What is Most Just in the Midst of Injustice

The recent announcements from the Council of Bishops and the General Commission on the General Conference bring news of justice delayed again. The United Methodist Church must wait until 2022 to properly deliberate the future of the Church and its inclusive nature for LGBTQ people and their allies. Although these are painful decisions that prolong oppression, they were also the only right decisions to make. 

To respond faithfully to this moment, we must hold tight.

As a justice-seeking organization, RMN supports equity of global access and deliberation for such critical legislation that determines the future of our Church. We cannot advocate for a rushed deliberative process that further strains local churches engaged in critical ministries during a pandemic, and we cannot advocate for a process that may exclude any part of our  connection due to virtual accessibility.

This moment may be an opportunity to step into a future as a global denomination that addresses and heals from past harms and ensures greater equity among United Methodists around the world. To respond faithfully to this moment, we must hold tight. We are, after all, an institution governed by a Book of Discipline, and the only path to a more equitable form of governance is through the one we have right now.

It is okay to be sad and angry. It has been a long two years since the 2019 special session of the General Conference. We have not only faced the denomination’s decision to further exclude and marginalize LGBTQ people, but we are still in the midst of a pandemic that has only exacerbated the existing inequities of our Church. We are a people in desperate need of hope.

During these two years, hope has come by way of the deepening and widening work of the Reconciling movement. RMN is taking bold steps into our future with a renewed focus on intersectional justice and grassroots organizing. We continue this work alongside our partners in the broader Church, and this changing landscape will influence the denomination moving forward. 

RMN supports both the Christmas Covenant and the Protocol for Reconciliation and Grace through Separation. We call for a continued moratorium on charges against LGBTQ United Methodist clergy and clergy who perform same-sex weddings, as is the call of the Protocol. These two pieces of legislation complement each other and will be taken up in 2022 when delegates will have a more equitable opportunity to debate and amend them.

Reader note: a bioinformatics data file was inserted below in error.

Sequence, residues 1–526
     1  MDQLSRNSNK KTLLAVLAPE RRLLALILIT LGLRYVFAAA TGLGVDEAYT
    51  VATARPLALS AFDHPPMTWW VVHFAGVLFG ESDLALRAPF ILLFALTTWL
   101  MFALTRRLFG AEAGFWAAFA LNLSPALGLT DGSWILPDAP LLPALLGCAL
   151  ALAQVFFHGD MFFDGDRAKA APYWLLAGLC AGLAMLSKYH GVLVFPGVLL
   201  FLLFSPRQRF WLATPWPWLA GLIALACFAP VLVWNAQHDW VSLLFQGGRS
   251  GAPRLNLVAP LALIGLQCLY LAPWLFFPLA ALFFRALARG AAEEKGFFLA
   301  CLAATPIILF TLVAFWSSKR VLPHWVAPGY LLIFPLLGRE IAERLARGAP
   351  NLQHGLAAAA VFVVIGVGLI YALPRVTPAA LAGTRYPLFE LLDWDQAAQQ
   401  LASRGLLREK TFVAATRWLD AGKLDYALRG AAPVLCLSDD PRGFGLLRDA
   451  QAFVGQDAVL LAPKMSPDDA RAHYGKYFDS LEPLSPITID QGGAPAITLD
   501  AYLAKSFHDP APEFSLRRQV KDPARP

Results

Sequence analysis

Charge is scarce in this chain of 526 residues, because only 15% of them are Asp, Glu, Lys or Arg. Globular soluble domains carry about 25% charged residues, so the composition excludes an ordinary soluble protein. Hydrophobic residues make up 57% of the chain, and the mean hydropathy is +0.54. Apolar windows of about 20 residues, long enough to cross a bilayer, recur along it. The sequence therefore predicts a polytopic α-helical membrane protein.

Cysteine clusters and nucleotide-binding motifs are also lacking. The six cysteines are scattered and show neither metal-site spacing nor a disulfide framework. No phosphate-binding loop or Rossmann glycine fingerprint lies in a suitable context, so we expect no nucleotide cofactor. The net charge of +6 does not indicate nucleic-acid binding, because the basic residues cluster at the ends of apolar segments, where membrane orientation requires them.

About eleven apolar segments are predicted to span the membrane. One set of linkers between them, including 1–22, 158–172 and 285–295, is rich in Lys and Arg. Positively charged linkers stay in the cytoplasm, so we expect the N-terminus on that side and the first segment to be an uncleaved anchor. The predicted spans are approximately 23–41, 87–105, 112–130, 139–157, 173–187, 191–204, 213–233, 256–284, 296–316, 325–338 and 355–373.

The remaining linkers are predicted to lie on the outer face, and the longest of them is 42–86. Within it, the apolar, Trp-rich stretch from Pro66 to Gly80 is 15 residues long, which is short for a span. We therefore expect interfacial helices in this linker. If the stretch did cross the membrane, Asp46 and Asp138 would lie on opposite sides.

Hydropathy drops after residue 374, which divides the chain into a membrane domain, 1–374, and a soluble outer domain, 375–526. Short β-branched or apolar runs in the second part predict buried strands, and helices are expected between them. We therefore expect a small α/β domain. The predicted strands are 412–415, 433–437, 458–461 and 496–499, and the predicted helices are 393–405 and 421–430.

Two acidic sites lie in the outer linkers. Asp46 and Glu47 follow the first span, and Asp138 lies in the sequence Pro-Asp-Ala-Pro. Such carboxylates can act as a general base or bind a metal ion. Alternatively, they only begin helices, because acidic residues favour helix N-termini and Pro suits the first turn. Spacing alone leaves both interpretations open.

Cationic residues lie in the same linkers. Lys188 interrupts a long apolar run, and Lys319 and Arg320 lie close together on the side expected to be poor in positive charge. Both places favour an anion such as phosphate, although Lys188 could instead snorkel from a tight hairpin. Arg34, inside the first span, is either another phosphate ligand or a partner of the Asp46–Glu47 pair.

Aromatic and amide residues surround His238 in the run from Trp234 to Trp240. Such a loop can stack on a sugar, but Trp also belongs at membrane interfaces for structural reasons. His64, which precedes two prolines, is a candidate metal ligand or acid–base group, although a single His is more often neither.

For now, we recommend that Reconciling United Methodists discuss these delays with their congregations and in annual conference delegations. Tell the story of why this delay in justice is the most just decision at this point. Work with your congregations and delegations to focus on what we can do now without General Conference action. Focus on the important and upcoming work of Jurisdictional and Annual Conferences this summer. Now is also a great time to join the Rooted & Rising Team from your annual conference and engage in their work to increase the Reconciling presence in your area. Contact your RMN Organizer to learn more.

And, above all: continue to be the Church. Continue to love one another. Continue to do ministry in your area. Continue to pray and to dream and to be.


  1. Can the article/state that “What Is Most Just in the Midst of Injustice” be set up as a piece we can include on out church website and/or post on social media? Is there a link specifically to this?

  2. I appreciate the sentiment expressed by RMN in this statement as its attempt to make the best of a bad situation. But “justice delayed is justice denied” is as true now as ever.
    This is going to be a wrenching change for both sides. I fear that kicking the can down the road — for the third time — will only prolong the agony.

  3. My hopes are that this delay will give some of the churches who have turned their backs on the LGBTQ community a chance to have a change of heart.

  4. After reading the 12 articles for amendment and the above, I want to make sure I understand what is actually happening. First of all, I was hoping that one of the articles to change would be in regards to the support of the LGBTQ community and allow inclusion of all people when it comes to who can be ordained and so forth.
    So, was it decided that to better educate everyone on the LGBTQ community and hoping to change the minds of people who do not support inclusion, a more favorable resolution would be better obtained with an in-person conference held in August 2022; rather than with a virtual conference and a paper ballot?
    Can someone please advise me if I have understood this decision correctly, and if I have not, please explain the reasoning behind this decision.
    I have been a Methodist since birth, and it breaks my heart, that the Methodist Church follows such archaic rules that do not support what I was raised to believe, that Jesus loves everyone and we should follow his examples of including everyone.
    I thank you very much.

    1. Hi Carol, we certainly empathize with your heartbreak that The United Methodist Church’s laws have yet to match up with Jesus’ teachings.

      The General Conference has been postponed until August 2022 in order to allow for more equitable participation in voting around the world. Since delegates will gather from many countries, it is currently not yet safe or fair to ask delegates to gather right now for matters as critical as the future of the Church.

  5. In Greater New Jersey Conference, the anti-racism issue seems to have displaced the LGBTQ issue as the foremost issue; however both issues are important and are pro-justice. Kicking the can down the road multiple times has churches and conferences in limbo. I think meanwhile Wesley Covenant Association will just leave without general conference action. A few churches have left. Keep praying.

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